60th Anniversary of Ripple Rock explosion near Campbell River


Seymour Narrows, just north of Campbell River, is still a dangerous place for boaters with strong currents and treacherous whirlpools but prior to 1958, it was downright deadly, sinking countless boats and killing a recorded 114 people through actual the number is probably much higher.

“At low tide, the pinnacle was at about eight or nine feet below the surface so a hidden disaster in the waiting right in the middle of Seymour Narrows,” said Campbell River Museum Executive Director Sandra Parrish.

There were two peaks just below the surface and two previous attempts to blow up the rocks from above the water failed.

Then in November 1955 work on a massive project began to tunnel under the water and up into the rock formation.

“There were little side channels and they packed the whole rock with explosives and it didn’t have a chance, it was going for sure,” added Parrish.

Prior to the detonation, people wondered if it would cause an earthquake or even a tidal wave.

“It was a day that was full of great anxiety and fear because they didn’t really know what was going to happen,” said Parrish.

One thousand two hundred and seventy metric tons of Nitramex 2H explosive was placed in these shafts, estimated at ten times the amount needed for a similar explosion above water.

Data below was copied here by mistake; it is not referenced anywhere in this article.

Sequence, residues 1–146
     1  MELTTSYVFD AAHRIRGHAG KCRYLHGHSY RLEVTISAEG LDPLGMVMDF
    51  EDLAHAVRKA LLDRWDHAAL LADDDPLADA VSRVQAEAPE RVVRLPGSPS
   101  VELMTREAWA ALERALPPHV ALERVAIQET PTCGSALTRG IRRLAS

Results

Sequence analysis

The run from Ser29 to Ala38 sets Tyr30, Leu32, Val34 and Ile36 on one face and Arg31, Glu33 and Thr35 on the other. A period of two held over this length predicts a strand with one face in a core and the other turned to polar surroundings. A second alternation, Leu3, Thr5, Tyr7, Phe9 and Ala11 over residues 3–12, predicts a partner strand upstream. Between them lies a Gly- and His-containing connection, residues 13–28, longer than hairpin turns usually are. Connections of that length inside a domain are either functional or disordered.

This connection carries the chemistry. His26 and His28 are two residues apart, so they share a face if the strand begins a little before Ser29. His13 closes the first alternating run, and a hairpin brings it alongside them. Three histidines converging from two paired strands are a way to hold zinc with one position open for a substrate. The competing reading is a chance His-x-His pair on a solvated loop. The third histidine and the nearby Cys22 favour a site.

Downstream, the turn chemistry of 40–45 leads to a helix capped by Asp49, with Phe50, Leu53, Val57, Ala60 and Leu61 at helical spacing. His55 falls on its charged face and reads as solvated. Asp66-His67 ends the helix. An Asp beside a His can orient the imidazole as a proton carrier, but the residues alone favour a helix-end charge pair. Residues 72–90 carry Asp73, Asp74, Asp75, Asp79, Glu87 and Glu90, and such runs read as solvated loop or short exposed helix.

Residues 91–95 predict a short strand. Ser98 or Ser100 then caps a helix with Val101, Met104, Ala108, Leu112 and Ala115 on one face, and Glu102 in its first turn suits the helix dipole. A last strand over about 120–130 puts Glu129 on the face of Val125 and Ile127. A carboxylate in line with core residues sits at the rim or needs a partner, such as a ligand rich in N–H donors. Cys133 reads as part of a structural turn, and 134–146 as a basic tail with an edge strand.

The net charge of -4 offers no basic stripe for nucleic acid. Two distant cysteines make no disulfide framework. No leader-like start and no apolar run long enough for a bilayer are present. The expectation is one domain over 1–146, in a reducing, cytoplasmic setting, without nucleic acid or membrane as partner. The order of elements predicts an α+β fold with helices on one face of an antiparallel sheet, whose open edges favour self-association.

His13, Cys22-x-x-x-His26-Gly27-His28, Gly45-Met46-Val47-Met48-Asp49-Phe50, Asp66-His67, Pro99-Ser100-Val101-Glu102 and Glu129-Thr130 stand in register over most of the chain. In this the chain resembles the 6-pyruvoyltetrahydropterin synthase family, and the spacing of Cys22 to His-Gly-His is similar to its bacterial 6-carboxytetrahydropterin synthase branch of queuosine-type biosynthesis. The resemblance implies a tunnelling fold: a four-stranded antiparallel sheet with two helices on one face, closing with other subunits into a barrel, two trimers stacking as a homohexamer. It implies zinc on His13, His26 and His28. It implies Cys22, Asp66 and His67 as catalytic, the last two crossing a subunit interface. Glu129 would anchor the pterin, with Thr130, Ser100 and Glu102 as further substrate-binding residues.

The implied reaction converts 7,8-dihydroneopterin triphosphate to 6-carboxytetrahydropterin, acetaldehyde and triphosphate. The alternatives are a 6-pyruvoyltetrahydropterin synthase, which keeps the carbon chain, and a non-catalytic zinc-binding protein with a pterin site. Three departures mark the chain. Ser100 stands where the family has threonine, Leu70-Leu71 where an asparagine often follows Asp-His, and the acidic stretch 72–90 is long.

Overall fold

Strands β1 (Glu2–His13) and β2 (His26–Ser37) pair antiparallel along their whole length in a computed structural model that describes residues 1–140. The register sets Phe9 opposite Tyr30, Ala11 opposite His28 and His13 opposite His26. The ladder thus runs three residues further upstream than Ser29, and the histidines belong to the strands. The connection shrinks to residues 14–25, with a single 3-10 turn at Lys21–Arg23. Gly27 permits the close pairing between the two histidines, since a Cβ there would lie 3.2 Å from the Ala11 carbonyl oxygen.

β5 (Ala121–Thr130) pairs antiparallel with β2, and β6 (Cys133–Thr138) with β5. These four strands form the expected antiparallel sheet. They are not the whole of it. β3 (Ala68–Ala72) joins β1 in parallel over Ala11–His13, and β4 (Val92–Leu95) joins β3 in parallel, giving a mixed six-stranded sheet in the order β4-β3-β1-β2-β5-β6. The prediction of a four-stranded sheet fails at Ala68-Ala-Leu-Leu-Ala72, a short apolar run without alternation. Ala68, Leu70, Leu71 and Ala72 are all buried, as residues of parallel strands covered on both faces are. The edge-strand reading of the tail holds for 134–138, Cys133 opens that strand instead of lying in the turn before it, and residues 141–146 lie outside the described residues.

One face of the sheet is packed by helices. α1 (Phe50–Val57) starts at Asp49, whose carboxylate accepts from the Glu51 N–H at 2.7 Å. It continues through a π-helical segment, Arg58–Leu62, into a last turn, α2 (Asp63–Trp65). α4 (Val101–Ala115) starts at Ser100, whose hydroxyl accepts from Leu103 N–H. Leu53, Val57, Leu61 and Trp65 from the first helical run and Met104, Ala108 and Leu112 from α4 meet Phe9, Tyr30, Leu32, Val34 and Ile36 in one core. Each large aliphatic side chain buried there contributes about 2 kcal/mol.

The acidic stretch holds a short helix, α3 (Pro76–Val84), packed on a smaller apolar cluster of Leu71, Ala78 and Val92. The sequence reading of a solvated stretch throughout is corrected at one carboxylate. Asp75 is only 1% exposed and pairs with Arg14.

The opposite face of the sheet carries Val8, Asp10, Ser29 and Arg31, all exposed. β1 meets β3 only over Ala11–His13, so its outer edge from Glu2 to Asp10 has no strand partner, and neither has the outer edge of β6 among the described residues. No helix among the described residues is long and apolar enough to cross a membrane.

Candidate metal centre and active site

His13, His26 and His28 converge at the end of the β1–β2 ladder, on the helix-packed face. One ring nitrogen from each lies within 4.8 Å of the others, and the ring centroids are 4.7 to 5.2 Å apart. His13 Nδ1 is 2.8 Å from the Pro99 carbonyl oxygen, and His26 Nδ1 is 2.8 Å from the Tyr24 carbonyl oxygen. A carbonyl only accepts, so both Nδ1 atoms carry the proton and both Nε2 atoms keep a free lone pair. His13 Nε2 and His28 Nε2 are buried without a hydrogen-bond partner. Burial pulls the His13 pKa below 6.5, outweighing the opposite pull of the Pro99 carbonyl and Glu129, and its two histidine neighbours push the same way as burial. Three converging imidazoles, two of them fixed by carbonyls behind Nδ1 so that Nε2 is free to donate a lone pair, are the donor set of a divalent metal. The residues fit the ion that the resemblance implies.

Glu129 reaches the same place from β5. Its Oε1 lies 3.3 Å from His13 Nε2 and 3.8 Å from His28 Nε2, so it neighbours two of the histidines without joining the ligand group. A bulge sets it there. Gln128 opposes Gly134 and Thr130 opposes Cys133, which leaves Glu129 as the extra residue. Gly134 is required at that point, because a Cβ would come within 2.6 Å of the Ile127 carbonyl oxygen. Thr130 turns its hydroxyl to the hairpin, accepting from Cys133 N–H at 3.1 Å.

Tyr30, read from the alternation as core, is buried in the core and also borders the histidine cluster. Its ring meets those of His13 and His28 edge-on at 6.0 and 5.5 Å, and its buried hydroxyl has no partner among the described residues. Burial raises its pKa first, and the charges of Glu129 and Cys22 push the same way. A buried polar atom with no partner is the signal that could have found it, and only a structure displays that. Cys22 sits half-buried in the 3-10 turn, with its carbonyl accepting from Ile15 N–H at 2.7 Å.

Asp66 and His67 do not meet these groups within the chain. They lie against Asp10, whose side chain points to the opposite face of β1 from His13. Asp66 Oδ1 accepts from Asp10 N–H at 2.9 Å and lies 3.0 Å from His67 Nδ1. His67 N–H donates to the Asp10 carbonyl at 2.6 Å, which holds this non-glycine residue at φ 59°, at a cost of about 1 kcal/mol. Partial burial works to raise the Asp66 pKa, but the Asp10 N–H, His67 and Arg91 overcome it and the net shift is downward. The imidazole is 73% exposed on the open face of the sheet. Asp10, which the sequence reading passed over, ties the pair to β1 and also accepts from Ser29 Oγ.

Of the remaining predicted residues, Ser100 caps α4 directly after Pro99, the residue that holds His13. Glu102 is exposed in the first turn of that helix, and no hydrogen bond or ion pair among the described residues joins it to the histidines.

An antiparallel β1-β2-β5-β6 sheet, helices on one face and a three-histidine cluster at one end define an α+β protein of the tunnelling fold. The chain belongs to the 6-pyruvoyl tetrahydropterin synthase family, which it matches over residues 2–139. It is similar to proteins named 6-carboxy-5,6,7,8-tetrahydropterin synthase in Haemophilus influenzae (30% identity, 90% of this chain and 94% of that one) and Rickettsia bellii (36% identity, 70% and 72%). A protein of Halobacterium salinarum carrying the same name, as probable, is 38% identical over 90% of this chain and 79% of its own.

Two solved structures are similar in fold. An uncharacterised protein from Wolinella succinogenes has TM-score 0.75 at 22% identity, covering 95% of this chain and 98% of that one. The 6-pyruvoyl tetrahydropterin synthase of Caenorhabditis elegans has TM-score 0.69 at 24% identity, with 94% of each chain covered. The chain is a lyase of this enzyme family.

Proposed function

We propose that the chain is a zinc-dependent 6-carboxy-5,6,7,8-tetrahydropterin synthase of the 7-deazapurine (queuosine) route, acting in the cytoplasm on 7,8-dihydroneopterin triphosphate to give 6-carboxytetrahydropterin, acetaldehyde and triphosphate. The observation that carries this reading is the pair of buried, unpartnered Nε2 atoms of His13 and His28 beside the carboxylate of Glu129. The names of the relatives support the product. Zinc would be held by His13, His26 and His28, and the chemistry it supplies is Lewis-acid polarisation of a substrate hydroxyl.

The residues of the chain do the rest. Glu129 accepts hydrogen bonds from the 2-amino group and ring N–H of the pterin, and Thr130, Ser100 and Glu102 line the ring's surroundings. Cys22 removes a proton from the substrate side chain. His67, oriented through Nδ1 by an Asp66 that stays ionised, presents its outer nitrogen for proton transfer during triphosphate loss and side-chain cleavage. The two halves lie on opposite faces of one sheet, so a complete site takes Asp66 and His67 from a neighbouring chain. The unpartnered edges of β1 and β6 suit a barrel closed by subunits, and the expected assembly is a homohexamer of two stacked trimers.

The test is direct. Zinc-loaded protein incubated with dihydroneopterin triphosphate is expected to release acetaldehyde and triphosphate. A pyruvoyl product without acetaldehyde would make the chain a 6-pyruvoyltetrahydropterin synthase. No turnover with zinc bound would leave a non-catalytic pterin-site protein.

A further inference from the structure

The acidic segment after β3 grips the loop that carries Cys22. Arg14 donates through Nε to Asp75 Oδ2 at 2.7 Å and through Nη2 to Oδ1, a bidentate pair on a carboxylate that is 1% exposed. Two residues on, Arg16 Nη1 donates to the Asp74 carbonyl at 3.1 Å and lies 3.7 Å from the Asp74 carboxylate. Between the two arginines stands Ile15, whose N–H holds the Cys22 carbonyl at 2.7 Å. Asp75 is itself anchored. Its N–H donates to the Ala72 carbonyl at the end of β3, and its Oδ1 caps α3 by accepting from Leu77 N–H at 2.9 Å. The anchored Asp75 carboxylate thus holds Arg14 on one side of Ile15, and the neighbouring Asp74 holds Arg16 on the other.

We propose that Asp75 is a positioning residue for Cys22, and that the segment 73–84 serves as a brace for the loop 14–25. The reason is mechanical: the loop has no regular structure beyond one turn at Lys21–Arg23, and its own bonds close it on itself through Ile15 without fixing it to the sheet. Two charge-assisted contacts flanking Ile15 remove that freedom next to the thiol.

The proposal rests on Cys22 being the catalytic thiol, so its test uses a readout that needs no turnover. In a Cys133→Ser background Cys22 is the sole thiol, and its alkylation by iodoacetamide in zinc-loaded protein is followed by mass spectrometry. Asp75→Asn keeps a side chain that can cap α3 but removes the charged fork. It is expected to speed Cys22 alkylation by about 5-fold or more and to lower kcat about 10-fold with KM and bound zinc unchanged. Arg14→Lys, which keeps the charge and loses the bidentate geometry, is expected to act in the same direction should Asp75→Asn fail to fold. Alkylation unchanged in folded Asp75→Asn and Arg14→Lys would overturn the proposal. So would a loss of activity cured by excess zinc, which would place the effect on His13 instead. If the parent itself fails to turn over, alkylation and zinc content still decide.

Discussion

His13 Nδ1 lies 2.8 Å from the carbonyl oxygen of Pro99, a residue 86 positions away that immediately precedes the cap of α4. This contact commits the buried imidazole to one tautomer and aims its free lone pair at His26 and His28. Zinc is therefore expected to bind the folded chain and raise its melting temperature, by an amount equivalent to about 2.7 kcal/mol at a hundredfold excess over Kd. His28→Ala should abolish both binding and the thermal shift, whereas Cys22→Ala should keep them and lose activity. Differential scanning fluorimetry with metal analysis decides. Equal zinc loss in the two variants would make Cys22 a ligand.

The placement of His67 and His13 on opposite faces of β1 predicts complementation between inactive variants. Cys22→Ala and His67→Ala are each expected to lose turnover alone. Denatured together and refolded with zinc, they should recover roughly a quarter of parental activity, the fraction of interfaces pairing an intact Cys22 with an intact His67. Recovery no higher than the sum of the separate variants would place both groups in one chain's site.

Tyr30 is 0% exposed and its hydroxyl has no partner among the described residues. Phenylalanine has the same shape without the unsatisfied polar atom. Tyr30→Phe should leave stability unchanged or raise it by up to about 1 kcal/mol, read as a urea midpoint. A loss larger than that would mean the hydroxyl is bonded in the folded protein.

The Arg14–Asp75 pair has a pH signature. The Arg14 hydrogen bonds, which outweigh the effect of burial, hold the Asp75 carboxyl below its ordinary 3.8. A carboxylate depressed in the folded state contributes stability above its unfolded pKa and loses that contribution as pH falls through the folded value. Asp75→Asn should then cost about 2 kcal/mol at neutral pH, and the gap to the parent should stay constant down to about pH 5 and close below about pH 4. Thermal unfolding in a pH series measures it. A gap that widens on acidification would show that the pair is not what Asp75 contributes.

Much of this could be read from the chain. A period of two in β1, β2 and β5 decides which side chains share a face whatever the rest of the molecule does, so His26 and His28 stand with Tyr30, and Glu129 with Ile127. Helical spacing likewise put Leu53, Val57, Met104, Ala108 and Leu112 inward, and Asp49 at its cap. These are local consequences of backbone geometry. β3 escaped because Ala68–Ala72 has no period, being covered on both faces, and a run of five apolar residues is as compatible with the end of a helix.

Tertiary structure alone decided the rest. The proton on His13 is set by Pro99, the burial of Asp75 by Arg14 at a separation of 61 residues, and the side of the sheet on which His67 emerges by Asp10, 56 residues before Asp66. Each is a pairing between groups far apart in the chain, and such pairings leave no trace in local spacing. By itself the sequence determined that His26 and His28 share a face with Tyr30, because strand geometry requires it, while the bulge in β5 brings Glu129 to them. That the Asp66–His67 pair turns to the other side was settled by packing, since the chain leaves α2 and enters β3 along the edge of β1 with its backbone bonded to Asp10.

The entire country watched on live television as the clock counted down and the button was pushed.

The explosion took place at 9:31:02 am, April 5, 1958.

Six hundred and thirty five thousand metric tons of rock and water were displaced by the explosion, spewing debris at least 300 metres in the air which fell on land on either side of the narrows.

The blast increased the clearing at low tide to about 14 metres.

But the fears were unfounded and some witnesses even felt it was anti-climactic.

The removal of Ripple Rock is still believed to be the largest non-nuclear peace-time explosion ever.

Dean StoltzDean Stoltz

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